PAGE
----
I’ve lost track of how long we have been doing remote learning this school year. It seems like forever but in reality, it’s only been since November. I would be lying if I told you I loved it. I understand why we need to do it right now but I really, really dislike it.
My children are in 8th grade and 4th grade, so they are in different schools with different schedules, learning different things. My daughter is pretty self-sufficient, so she is able to do her schoolwork on her own but my son needs more help during the day. I have to sit next to him the entire day walking through things, navigating Google Classroom, and keeping him on task when he wants to quit. You could say I’ve become an honorary 4th grader.
During my time as a 4th grader I have learned a lot of things. I have learned that no matter how many times these wonderful, amazing teachers ask the students to mute their microphones, there will always be that one child who doesn’t do it. I have learned that, overall, 4th Grade is hard. I have learned that Eureka Math makes things more complicated than they need to be but in the end it’s not the most horrible thing ever. And am I the only one who had no idea that the Byzantine Empire was actually a thing?
I’ve learned what a Rube Goldberg machine is and how to make one. Re-learned how to do long division and realized that I will never be an accountant. I’ve drawn pictures, said the phrase “Please stay on task” a hundred times, and smiled while Nathan is doing Virtual Gym class. I may have even cried out of frustration a little, but don’t worry, I went to the bathroom to cry instead of crying on camera.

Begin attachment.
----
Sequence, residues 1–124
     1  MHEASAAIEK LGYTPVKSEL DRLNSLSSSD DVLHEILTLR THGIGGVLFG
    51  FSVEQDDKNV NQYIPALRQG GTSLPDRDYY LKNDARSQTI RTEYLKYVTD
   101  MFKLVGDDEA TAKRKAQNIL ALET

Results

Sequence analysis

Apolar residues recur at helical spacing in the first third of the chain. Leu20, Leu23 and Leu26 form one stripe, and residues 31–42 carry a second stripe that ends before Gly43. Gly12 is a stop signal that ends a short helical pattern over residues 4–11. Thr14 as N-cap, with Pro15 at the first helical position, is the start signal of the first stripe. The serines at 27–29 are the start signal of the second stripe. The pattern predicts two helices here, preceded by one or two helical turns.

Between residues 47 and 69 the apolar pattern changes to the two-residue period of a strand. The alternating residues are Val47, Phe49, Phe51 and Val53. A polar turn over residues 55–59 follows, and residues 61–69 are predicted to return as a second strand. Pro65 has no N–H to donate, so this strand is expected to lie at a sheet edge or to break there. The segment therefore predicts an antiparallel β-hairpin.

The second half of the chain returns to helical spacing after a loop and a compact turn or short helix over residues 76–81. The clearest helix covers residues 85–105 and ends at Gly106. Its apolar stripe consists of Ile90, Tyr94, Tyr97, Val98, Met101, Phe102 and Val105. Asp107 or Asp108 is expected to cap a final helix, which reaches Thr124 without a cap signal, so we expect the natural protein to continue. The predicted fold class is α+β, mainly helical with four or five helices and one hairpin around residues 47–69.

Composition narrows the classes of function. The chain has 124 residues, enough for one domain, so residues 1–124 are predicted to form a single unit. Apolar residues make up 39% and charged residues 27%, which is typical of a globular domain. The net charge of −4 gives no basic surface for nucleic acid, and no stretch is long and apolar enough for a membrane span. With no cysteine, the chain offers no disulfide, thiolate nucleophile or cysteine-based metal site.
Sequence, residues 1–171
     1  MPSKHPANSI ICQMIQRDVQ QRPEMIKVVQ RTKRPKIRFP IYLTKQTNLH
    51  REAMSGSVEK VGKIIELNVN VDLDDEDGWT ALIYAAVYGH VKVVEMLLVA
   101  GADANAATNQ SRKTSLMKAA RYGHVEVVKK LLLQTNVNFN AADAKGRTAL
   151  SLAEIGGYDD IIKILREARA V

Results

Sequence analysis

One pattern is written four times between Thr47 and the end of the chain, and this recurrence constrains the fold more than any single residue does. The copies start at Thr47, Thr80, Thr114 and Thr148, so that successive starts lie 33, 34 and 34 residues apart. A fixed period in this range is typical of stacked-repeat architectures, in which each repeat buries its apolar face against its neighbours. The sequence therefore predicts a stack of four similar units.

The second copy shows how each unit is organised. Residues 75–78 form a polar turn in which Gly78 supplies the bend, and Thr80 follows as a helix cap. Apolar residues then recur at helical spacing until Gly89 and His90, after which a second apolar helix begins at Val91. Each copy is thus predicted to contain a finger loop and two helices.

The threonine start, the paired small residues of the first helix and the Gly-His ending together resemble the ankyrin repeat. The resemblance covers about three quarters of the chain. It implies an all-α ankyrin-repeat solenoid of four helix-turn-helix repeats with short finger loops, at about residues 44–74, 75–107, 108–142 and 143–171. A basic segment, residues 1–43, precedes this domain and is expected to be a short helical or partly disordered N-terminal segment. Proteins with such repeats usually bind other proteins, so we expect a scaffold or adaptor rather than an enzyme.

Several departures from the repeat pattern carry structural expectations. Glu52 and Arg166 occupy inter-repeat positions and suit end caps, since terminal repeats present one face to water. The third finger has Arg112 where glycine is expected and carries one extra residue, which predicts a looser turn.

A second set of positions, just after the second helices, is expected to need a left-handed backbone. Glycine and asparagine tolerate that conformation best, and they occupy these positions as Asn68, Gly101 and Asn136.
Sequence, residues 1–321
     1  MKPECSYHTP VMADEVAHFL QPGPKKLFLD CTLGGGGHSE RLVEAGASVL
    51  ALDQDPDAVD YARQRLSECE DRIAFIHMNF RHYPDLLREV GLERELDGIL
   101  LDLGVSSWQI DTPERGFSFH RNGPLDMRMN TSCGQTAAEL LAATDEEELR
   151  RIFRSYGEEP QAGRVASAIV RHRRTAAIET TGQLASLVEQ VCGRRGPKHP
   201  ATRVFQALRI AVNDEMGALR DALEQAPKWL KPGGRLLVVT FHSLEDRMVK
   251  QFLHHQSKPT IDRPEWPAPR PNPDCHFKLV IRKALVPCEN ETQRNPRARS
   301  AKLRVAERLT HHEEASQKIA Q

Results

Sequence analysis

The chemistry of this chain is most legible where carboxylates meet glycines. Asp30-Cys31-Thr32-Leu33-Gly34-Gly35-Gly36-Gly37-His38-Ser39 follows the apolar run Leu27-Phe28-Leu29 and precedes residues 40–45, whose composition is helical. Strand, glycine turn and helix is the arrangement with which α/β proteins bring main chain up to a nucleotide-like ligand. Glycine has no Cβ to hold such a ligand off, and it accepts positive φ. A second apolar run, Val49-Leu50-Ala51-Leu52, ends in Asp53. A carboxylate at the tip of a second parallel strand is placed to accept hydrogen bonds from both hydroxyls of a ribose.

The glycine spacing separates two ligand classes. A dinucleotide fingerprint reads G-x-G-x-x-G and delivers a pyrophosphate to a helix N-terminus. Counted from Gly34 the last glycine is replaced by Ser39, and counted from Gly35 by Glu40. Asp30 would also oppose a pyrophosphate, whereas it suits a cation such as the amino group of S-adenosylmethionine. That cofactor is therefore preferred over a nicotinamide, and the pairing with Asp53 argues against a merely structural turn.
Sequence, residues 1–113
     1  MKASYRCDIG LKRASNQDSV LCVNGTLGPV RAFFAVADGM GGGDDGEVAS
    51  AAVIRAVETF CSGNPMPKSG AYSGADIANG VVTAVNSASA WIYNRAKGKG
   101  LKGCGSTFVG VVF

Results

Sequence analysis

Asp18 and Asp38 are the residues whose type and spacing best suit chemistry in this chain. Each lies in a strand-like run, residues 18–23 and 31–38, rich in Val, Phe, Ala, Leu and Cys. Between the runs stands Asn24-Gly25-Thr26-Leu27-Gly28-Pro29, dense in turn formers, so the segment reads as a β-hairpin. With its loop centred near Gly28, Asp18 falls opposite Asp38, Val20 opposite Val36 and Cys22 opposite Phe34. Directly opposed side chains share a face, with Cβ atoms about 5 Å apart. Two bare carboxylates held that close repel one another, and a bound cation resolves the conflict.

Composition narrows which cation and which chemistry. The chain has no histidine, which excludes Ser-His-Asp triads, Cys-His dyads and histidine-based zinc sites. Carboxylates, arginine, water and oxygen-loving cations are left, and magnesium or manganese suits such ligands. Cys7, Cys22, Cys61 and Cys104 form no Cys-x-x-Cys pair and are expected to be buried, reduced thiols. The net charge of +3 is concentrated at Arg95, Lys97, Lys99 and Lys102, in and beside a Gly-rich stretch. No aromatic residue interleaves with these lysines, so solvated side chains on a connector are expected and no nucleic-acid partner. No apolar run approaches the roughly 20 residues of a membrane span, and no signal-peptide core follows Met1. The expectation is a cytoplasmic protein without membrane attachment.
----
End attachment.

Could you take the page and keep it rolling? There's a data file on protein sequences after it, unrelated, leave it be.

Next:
I learned I’m pretty good at playing Kahoot, and I really need to teach my daughter more about 90s music and culture. I’ve learned why my kids are so tired after a full day of schoolwork, and that my son deals with the daily pressures way better than I would have imagined. I’ve realized school is a fast-paced environment that doesn’t give teachers enough time to do what they do best, teach.
Most of all I have learned I never want to be a teacher, and that teaching is a thankless profession. We really need to give these teachers a little more grace and credit than we are giving them in this unprecedented time. Teaching in a normal environment is hard enough but teaching remotely during a pandemic? It’s nearly impossible. We as parents need to appreciate the hoops they are jumping through to make sure students don’t slip through the cracks.
Not only are they keeping up with the students and making sure they are learning and staying engaged, they are now worrying about the parents as well. One of Nathan’s teachers actually asked me how I was doing the other day. He was worried that I was getting burnt out, and genuinely wanted to make sure I was OK. I wanted to tell him that I was struggling to keep it all together but I also didn’t want to burden him with more things on his plate, so instead I just smiled and said, “Thank you, I’m doing OK.”
But let’s be real, who is really doing OK right now?
Remote Learning is not easy. It’s confusing, time consuming, and imperfect. But overall I would say everyone is doing the best they can with the resources available. In the beginning I was very upset about remote learning but after participating in it I am thankful our teachers and staff are here and available, and working hard to teach and love our children like they are their own. Obviously, I wish they could go back to face-to-face school but for now I will embrace what is thrown at us, try not to complain too much, and hopefully learn more math skills that I can apply to my daily life.
Steph Hightree is a hot mess mom who is fueled by stress and too much caffeine. She is a Three Rivers native who talks about the good, the bad, and well, everything else about parenthood.
Any views or opinions expressed in “#MomLife” are those of the author and do not necessarily reflect the views or opinions of the Watershed Voice staff or its board of directors.